The recent stance by Public Enterprises Minister Pravin Gordhan, as reported in the Business Day, to “renegotiate” contracts with companies which won the first two rounds of South Africa’s renewable energy procurement programme (REIPPPP) will not afford South Africa the opportunity to create value, especially on the job creation front.
Eskom’s current load-shedding crisis costs South Africa’s economy R5-billion daily. The last thing needed in this current crisis is a “renegotiation” of electricity tariffs with renewable energy IPPs given the urgent need to stabilise supply of power to our economy.
Renewable energy is already cost-effective. In fact, prices globally continue to drop with the global average price for solar and wind technology now sitting at around US$0,06 and US$0,10/kWh respectively. Locally, when the first two rounds of the REIPPPP were initiated, prices of solar and wind were R3,84 and R1,67/kWh respectively and by Round 4, prices had fallen to R0,96/kWh for solar and R0,76/kWh for wind.
Technologies like solar PV have proven to have even more distinct benefits, with levelised costs of electricity (LCOE) production being about half the price of traditional energy sources and even outstripping other renewable energy sources like solar CSP.
A sustained price decline in electricity tariffs, particularly through the procurement of efficient renewable energy technology, is what South Africa needs to attract much needed foreign direct investment and to stimulate job creation.
Reports recently published by the Department of Energy’s IPP office show that the REIPPPP initiative has so far attracted over R201,8-billion worth of investments into South Africa. This is mainly because the programme is seen as more than just a tariff generation exercise by investors. Over R20,6-billion has been invested into socio-economic spend (SED).
Local content manufacturing and procurement amounts to R42-billion, whereas enterprise development spend sits at around R6,4-billion. Such are indicators of serious commitment from renewable energy IPPs and investors. Therefore, destabilising investor confidence through sudden unplanned tariff “renegotiations” may prove to be costly to South Africa’s economic growth prospects.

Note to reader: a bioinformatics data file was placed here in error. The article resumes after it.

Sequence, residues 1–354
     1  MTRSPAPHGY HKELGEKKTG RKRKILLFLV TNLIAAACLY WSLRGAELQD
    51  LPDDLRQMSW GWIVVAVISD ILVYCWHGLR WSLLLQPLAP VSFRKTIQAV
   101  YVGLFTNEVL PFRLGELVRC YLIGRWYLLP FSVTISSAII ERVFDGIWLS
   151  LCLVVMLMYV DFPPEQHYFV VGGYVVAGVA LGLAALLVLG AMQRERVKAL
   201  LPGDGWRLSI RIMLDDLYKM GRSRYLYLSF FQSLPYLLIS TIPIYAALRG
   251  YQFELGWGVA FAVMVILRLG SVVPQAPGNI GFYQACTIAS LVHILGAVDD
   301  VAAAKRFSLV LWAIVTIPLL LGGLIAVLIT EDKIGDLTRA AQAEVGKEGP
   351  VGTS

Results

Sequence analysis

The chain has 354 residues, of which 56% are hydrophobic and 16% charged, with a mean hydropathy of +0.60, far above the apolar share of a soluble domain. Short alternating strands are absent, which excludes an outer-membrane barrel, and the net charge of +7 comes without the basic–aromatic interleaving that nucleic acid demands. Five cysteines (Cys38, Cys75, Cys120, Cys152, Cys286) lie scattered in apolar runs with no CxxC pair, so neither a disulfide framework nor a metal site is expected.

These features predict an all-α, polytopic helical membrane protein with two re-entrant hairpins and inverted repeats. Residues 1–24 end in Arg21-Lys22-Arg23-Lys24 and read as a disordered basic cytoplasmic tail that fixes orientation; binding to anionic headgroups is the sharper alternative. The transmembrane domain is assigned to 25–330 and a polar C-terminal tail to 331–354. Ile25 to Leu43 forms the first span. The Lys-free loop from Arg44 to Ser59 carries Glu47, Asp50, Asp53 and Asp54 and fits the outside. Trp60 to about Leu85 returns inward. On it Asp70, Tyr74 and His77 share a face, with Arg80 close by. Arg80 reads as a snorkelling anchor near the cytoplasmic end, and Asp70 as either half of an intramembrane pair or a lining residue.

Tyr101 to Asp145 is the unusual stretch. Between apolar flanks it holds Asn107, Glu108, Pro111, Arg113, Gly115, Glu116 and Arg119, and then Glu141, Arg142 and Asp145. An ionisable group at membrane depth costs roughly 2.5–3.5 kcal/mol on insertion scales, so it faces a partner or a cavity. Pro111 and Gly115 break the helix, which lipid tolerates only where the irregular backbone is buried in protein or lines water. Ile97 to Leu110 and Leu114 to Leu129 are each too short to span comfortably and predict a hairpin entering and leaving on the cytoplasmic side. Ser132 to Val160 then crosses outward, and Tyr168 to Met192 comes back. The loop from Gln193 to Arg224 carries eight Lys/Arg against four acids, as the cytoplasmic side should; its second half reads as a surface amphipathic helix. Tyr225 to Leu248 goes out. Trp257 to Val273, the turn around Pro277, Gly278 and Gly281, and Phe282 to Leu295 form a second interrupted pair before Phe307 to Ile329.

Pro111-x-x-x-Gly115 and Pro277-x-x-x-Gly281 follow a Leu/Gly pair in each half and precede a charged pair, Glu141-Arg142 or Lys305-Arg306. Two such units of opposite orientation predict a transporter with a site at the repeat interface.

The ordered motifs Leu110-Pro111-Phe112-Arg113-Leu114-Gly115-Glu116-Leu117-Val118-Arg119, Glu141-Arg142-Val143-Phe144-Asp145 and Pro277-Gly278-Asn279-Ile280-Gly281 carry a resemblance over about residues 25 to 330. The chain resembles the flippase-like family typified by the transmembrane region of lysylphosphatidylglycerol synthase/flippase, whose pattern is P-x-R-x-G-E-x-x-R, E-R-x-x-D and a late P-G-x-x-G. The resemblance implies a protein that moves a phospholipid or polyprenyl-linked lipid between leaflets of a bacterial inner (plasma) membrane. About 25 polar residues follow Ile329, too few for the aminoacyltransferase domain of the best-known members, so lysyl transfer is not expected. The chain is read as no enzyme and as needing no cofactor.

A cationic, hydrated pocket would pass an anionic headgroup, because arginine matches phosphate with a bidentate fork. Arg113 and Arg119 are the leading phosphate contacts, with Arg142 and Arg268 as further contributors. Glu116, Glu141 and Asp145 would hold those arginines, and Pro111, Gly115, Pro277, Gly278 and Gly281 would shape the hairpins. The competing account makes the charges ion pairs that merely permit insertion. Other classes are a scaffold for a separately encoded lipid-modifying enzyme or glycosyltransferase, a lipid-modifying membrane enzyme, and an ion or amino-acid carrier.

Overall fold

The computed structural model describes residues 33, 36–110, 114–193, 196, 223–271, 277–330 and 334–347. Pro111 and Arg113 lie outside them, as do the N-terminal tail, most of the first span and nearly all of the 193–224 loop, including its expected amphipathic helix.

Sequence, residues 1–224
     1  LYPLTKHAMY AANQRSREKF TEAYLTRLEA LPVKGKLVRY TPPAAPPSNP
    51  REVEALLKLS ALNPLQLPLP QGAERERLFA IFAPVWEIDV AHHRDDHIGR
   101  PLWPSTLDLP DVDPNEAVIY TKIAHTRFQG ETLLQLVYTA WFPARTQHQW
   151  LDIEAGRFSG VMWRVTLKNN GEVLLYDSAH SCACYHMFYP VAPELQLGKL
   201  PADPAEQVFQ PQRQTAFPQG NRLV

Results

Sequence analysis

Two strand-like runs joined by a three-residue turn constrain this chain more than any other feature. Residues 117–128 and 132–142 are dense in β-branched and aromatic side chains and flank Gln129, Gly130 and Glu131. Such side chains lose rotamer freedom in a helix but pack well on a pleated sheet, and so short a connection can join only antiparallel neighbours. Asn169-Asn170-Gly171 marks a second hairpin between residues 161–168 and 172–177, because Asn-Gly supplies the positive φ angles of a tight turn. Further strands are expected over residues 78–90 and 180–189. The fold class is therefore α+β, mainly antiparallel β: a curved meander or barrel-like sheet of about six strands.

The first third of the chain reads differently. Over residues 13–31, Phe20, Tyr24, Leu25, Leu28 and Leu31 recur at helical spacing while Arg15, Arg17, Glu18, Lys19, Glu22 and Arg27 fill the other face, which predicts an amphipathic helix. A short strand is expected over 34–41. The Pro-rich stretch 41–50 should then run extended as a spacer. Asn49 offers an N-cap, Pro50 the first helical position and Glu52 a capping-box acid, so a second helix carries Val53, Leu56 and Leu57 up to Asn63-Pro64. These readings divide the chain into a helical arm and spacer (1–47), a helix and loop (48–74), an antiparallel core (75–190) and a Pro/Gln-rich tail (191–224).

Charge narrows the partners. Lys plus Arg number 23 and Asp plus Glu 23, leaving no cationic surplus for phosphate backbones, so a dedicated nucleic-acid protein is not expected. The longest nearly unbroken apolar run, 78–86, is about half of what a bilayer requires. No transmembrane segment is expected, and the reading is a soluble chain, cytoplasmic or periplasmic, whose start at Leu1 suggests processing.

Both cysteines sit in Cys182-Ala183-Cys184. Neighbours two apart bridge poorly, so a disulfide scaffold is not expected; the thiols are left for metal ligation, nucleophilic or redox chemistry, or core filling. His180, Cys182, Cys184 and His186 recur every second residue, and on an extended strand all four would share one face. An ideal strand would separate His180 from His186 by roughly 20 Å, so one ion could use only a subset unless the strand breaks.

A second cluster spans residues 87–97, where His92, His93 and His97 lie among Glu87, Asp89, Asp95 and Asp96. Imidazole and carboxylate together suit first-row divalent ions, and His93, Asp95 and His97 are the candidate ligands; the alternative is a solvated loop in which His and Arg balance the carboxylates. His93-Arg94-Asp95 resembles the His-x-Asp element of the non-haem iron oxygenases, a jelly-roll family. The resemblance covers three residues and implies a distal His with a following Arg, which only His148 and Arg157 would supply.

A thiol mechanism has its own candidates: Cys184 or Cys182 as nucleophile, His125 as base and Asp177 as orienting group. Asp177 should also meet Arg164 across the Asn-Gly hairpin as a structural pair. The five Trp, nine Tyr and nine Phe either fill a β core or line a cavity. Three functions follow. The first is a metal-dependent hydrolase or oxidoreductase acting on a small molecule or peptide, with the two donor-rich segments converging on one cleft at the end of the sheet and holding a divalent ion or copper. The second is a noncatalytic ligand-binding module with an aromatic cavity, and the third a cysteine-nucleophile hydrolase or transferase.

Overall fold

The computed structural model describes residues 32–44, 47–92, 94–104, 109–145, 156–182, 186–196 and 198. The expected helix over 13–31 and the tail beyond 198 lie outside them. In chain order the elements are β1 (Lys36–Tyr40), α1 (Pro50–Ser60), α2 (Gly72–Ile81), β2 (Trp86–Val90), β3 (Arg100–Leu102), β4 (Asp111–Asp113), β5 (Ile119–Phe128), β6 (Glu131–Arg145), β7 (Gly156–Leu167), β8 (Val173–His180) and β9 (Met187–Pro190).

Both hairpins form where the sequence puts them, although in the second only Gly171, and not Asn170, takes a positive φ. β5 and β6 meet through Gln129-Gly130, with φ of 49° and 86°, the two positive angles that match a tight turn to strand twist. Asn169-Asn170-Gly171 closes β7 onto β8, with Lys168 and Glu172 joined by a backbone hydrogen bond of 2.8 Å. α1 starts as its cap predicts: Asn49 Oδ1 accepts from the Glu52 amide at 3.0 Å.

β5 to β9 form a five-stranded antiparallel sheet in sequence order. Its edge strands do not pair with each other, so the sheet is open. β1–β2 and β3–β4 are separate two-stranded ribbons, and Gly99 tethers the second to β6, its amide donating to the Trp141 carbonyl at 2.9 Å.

While government departments like the Department of Energy have put their weight behind renewables, there needs to be consistency and policy certainty from all arms of government to boost growth in our economy. A simple, blanket tariff renegotiation stands as a contradiction South Africa cannot afford.
The South African Photovoltaic Industry Association (SAPVIA) has offered alternatives to government before to avoid denting investor confidence, such as extending power purchase agreements which are currently up for “renegotiation” from 10 to 30 years. This will offer less volatility and uncertainty as tariffs will be lowered over time. In the long-run however, the only way to sustain lower electricity tariff prices is to consistently procure from low-cost solar and wind power through a well-managed procurement programme.
If government proceeds with the “renegotiations’’, there must be due consideration of risks and investments already made by existing IPPs which saw the potential South Africa had to transition towards a green viable economy that would put us on par with the rest of the world.
Contact Kim Thomas, SAPVIA, Tel 021 200-5856, firstname.lastname@example.org
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